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sarisasenshi's Saber Marionette Tv Review

Saber Marionette

Saber Marionette tv Review

In a world populated only by men, Terra II, the surviving men have fashioned curvaceous androids in the female form. They are called Marionettes, and are built for one purpose--to obey man's every whim...except one.

While these beautiful mechanical beings are modeled after women in every way, to fall in love with them is taboo. So what is the poor boy Otaru Mamiya to do when he develops a massive crush on a Marionette named Lime, a unique Saber model with a special circuit that gives her emotions? When Otaru awakens two more mysterious Saber Marionettes, his life as an average man quickly becomes as extraordinary as the circuitry under the flesh of his busty new friends.

Credit: sarisasenshi

Story & Characters

I remember when I watched a few of my first episodes of Saber Marionette J on VHS back when Anime Village was more widely known than its newer corporate label, Bandai Entertainment. Back then, Saber Marionette J brought something very new and interesting to the table, even before the creation of the Chobits series by CLAMP.

True, this isn't the first time that anime has attempted to tell the story of androids living among human beings. But rather than brushing the series off on that fact alone, you have to consider the setting that the story takes place. After an unexplained catastrophe had taken place on the human migration spacecraft, the Mesopotamia, seven men had survived the ordeal after landing on the surface of a nearby planet known as Terra II. Trapped on a barren world with no means of populating the planet, they turned to cloning and other methods of science in order to be able to survive. Through cloning, the planet was able to thrive and become totally populated by men. But the memory of the human female was not completely forgotten, and that lead to the production of female androids known as 'marionettes'. They help to perform menial tasks, and are mainly considered as being a complex form of machinery.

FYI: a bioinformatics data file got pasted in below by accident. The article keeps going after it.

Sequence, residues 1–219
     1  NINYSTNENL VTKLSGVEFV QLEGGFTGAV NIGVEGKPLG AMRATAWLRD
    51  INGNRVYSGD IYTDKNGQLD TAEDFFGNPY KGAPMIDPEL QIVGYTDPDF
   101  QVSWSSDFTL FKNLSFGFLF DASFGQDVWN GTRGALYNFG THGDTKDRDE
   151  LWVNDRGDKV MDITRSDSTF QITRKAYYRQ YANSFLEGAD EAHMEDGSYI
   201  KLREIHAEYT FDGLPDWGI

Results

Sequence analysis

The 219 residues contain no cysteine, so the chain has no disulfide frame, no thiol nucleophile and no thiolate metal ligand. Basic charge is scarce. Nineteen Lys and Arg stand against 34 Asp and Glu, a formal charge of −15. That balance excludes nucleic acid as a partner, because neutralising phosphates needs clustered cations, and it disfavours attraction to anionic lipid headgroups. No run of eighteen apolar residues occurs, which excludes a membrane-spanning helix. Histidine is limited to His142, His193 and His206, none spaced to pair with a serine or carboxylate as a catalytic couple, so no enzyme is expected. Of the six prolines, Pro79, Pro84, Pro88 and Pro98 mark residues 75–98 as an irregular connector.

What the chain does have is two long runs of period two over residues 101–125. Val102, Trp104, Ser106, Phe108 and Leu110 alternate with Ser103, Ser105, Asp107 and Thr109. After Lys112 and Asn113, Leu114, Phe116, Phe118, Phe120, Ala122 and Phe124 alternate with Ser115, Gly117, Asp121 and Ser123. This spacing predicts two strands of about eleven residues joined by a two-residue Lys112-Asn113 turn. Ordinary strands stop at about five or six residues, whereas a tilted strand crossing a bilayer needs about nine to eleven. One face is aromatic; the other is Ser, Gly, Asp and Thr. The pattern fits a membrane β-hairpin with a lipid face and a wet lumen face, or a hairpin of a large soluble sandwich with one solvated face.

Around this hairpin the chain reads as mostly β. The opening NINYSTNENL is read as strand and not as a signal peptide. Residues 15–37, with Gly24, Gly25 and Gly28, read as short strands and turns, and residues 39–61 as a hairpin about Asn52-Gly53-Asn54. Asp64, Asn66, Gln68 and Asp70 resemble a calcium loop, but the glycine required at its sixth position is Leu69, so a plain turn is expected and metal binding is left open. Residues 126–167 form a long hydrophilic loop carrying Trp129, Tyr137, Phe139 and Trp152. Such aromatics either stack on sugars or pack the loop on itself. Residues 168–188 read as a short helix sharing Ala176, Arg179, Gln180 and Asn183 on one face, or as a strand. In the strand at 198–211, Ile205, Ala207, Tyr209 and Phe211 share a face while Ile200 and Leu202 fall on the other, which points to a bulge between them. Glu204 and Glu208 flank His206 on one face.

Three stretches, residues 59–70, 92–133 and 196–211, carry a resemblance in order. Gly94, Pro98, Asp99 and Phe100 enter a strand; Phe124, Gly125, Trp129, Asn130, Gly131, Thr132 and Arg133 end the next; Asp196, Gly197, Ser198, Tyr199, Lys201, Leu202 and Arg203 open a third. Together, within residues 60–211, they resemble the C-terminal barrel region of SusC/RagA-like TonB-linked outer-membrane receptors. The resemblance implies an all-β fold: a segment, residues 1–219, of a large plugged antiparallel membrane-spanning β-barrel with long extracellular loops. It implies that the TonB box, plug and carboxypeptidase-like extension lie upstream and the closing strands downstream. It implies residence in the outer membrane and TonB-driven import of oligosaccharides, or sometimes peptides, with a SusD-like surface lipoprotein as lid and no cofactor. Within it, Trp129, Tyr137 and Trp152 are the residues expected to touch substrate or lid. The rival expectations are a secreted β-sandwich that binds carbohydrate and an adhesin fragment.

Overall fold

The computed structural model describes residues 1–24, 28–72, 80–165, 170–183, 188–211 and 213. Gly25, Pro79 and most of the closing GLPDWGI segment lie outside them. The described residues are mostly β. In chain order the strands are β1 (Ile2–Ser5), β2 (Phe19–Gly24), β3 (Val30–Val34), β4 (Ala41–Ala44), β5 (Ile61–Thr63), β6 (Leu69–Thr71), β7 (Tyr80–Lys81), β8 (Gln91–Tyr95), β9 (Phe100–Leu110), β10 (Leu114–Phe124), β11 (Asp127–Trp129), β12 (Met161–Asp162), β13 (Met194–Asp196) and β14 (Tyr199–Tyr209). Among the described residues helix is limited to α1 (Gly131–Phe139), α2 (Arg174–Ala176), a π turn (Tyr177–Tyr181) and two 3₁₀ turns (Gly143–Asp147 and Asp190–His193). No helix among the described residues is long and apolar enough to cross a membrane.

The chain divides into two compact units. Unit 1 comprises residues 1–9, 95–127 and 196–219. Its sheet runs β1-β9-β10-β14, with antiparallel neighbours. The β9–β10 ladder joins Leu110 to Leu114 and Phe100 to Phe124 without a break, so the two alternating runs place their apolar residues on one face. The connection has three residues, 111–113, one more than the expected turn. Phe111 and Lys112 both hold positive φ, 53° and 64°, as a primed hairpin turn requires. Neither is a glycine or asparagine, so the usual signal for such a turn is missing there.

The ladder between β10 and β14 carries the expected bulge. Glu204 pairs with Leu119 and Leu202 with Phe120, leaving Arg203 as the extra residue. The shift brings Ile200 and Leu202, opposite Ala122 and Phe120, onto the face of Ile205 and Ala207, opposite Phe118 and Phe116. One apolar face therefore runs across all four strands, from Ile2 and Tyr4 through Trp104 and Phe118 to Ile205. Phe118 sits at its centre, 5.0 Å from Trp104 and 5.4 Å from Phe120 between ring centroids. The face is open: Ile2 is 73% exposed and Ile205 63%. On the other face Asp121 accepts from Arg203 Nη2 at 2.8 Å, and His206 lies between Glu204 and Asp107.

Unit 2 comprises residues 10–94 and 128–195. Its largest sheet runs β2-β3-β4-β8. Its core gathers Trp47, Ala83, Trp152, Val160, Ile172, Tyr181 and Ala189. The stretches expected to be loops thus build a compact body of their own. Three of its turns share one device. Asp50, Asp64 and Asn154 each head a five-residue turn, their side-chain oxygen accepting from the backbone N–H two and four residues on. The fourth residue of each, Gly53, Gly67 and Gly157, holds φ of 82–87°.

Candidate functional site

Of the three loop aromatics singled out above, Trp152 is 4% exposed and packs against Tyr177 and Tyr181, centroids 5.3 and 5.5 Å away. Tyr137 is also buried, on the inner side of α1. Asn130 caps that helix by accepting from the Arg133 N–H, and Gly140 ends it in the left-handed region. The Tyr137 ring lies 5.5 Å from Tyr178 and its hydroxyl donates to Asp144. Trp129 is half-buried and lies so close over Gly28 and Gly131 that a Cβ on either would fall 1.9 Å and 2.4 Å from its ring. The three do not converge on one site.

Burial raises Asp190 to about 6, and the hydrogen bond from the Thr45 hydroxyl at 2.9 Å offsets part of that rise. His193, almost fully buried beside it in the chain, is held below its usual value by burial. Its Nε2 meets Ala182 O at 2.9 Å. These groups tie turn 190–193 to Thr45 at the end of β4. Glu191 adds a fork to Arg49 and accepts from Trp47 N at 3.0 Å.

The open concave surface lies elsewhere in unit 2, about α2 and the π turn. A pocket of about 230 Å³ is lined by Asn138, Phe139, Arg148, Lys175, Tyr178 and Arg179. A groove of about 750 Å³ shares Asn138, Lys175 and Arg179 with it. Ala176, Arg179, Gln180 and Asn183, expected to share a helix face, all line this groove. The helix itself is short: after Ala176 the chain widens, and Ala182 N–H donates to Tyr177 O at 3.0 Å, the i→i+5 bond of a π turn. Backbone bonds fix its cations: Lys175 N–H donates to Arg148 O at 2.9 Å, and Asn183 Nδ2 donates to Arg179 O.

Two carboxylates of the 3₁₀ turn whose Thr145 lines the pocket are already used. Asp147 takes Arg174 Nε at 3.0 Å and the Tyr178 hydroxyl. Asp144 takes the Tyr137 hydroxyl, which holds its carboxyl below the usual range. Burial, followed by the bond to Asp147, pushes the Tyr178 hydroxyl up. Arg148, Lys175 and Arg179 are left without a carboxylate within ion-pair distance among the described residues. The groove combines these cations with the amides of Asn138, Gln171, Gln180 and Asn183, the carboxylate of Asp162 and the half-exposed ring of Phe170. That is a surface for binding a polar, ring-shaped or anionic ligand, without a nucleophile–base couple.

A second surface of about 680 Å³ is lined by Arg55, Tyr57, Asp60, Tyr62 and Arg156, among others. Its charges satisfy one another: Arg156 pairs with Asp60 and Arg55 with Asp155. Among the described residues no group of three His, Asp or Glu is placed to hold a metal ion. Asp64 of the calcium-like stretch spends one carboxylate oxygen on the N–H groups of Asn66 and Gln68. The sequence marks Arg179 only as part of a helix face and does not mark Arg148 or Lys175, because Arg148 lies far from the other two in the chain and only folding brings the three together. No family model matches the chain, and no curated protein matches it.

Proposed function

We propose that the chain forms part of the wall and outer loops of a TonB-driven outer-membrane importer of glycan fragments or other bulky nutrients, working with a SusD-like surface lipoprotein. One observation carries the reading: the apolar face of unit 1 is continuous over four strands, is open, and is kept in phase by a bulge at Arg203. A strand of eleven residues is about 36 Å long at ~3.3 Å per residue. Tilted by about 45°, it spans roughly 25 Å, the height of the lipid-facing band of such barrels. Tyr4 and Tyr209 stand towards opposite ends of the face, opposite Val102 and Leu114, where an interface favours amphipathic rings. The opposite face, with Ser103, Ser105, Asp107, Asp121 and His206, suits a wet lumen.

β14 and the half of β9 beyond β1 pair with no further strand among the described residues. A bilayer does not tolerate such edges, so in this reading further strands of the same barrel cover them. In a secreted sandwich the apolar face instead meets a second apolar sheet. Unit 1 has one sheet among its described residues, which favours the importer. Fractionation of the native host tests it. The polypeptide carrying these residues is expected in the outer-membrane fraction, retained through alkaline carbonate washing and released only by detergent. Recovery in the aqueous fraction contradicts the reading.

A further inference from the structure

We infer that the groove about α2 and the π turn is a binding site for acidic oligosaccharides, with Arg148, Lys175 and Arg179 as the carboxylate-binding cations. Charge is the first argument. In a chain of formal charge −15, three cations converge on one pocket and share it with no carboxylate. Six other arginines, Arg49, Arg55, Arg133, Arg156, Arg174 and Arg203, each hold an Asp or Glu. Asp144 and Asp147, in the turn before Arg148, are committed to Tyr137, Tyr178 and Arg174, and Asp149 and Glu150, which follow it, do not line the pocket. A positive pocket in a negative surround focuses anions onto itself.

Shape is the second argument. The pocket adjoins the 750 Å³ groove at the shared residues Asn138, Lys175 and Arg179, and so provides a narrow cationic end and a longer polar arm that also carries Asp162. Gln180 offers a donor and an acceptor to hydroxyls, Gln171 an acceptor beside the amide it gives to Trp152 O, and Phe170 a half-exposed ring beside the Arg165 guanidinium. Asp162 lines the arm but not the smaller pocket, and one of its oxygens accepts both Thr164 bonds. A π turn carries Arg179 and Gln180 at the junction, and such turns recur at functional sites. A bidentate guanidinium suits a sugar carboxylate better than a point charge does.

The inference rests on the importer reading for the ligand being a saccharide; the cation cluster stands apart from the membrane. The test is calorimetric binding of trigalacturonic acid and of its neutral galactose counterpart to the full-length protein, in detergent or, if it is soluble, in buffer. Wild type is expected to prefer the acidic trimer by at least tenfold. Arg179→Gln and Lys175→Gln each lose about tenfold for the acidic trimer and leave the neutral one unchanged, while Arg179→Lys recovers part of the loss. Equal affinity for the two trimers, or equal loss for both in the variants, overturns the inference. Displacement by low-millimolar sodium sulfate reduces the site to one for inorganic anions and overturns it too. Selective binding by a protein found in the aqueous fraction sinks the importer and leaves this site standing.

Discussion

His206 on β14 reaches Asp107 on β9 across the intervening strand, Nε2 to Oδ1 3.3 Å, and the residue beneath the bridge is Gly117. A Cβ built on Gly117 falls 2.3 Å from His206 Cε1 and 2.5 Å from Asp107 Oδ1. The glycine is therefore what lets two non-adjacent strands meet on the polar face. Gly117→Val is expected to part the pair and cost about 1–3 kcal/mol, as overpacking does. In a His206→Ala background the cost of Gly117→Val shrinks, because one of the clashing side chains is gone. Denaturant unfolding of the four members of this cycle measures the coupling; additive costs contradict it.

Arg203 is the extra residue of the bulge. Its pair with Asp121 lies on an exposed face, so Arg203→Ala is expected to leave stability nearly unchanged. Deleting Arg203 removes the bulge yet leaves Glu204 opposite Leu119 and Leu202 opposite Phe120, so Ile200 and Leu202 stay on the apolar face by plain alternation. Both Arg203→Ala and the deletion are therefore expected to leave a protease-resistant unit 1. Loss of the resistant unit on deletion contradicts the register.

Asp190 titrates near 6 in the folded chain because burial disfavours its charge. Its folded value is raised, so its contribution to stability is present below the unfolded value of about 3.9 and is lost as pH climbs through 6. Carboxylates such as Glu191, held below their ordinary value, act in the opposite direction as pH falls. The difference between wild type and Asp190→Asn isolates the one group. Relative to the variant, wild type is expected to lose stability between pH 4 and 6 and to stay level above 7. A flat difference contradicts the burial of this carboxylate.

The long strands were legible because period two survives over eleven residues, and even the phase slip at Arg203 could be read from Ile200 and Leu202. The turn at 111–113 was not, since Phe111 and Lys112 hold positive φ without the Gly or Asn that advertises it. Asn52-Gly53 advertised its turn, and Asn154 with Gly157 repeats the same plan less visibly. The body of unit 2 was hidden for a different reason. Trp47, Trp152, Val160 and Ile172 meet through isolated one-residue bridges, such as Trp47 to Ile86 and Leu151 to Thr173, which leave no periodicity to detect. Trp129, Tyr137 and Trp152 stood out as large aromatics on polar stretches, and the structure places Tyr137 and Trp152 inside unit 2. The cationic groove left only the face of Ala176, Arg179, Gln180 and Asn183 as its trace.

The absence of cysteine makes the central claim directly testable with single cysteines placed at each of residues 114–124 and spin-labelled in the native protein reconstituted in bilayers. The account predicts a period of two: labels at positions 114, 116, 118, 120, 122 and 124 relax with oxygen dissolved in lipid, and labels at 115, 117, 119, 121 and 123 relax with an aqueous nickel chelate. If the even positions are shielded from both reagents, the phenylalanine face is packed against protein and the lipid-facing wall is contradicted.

Introducing an ordinary, young man by the name of Otaru. He is just your average male who is going through life steadily but slowly, taking on part-time jobs and training as a martial artist. He is constantly being pestered by Hanagata, who has a shameless crush on him (which is not unusual in a world totally populated by men), but otherwise he lives a normal life. However, his life takes on a dramatic turn as he (almost accidentally) as he awakens three unique marionettes: Lime, Cherry, and Bloodberry. But unlike most marionettes, these three are able to smile, cry, and fall in love. This is made possible through their 'heart', a unique piece of equipment known as a 'Maiden Circuit'. But even as they cater to Otaru's every whim in thanks for awakening them and out of love for their master, they are constantly being pursued by evil forces.

All in all, Saber Marionette J possesses a whole slew of themes that can be enjoyed by all kinds of anime fans. You have fast-paced fighting scenes, sprinkled with a bit of nonsensical comedy and a large spoonful of romantic comedy. But at the same time, the series addresses some of the deeper matters of the heart, from deep love to hatred. - Saber Marionette J is definitely a series that can get a grip on you and hold you in your seat if you are not too careful.

Rating: 7